The coating composition may be prepared as a solution, emulsion or dispersion of TFE/PMVE polymer. In one embodiment, the coating composition may comprise a solution of the polymer and a fluorinated solvent. A dilute solution is preferred to maintain the gas permeable nature of the porous material. Coating compositions may comprise solutions having, for example, from about 0.01% to about 10% by weight of the TFE/PMVE polymer. Preferred coating compositions comprise solutions having from about 0.1% to about 10%, or from about 0.1 to about 2%, or alternately from about 0.1% to about 1%, by weight of the TFE/PMVE polymer.
Where the coating composition comprises an emulsion of TFE/PMVE polymer, the emulsion may be obtained directly from the polymerization reaction where the polymerization process was by emulsion polymerization. Coating compositions comprising emulsions have about 0.01% to about 20% by weight of the polymer in an aqueous medium; preferably from about 0.1% to about 20%, most preferably from about 0.1% to about 4%, or alternately from about 0.1% to about 2% by weight of the polymer.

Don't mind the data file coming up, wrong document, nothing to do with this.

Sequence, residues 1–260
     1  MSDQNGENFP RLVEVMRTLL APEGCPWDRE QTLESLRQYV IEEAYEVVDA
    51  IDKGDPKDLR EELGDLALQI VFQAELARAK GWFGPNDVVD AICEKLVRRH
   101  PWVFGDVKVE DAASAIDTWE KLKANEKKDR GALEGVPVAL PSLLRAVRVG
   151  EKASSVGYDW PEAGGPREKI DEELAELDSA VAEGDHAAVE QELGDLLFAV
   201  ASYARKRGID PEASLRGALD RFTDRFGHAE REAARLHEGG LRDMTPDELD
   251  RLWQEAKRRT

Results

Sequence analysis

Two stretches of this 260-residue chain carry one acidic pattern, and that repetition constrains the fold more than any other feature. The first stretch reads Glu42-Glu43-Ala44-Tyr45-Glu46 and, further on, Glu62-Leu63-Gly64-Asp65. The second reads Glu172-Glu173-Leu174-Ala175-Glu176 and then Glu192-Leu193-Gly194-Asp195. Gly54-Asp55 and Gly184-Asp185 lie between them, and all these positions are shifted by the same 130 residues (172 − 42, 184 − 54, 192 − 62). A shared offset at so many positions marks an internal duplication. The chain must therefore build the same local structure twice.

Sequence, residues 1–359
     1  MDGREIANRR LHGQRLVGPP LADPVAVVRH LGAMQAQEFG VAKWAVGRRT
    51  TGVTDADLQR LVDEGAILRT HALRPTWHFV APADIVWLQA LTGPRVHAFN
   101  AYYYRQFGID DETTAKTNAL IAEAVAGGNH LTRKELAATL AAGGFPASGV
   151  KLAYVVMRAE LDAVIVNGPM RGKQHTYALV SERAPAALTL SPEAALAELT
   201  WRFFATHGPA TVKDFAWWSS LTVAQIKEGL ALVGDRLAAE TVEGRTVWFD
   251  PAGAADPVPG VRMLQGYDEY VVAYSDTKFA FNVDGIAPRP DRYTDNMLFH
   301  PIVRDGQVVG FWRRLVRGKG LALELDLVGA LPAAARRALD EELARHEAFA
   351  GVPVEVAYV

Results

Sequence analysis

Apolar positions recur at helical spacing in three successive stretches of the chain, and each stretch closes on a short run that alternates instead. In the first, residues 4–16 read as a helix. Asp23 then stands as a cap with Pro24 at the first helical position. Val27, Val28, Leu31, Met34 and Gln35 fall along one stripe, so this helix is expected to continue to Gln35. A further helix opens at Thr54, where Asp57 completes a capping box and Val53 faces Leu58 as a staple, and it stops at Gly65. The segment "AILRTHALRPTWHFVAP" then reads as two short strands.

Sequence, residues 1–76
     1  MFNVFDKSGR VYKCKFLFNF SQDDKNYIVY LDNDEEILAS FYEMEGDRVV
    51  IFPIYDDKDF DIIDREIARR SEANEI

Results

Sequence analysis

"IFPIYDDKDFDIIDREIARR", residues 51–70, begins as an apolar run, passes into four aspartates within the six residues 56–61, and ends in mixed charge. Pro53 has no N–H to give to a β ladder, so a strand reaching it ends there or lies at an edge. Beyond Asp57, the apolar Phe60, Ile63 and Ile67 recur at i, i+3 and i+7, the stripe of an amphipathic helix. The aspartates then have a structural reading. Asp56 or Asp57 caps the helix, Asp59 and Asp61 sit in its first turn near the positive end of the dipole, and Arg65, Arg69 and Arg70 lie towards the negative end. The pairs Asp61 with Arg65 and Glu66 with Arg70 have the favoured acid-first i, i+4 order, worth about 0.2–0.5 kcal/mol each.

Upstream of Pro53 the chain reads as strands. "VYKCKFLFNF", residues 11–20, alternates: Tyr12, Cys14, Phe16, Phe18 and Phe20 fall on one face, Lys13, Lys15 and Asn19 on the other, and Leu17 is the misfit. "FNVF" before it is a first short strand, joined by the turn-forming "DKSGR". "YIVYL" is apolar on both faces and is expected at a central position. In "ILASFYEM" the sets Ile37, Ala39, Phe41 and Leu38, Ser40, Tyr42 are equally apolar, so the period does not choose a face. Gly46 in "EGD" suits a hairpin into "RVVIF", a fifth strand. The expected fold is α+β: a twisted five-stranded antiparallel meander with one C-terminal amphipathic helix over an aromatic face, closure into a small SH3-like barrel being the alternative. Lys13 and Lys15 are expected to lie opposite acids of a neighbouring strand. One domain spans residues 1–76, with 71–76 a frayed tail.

The coating composition may comprise additional components, such as crosslinking and/or curing agents. Further, the coating composition may comprise wetting components that enable the coating to easily wet and penetrate the porous material. Wetting agents include but are not limited to surfactants, alcohol such as isopropyl alcohol, or other low surface tension liquids. Alcohol or other low surface tension liquids may also be applied to prewet the porous material prior to application of the coating composition.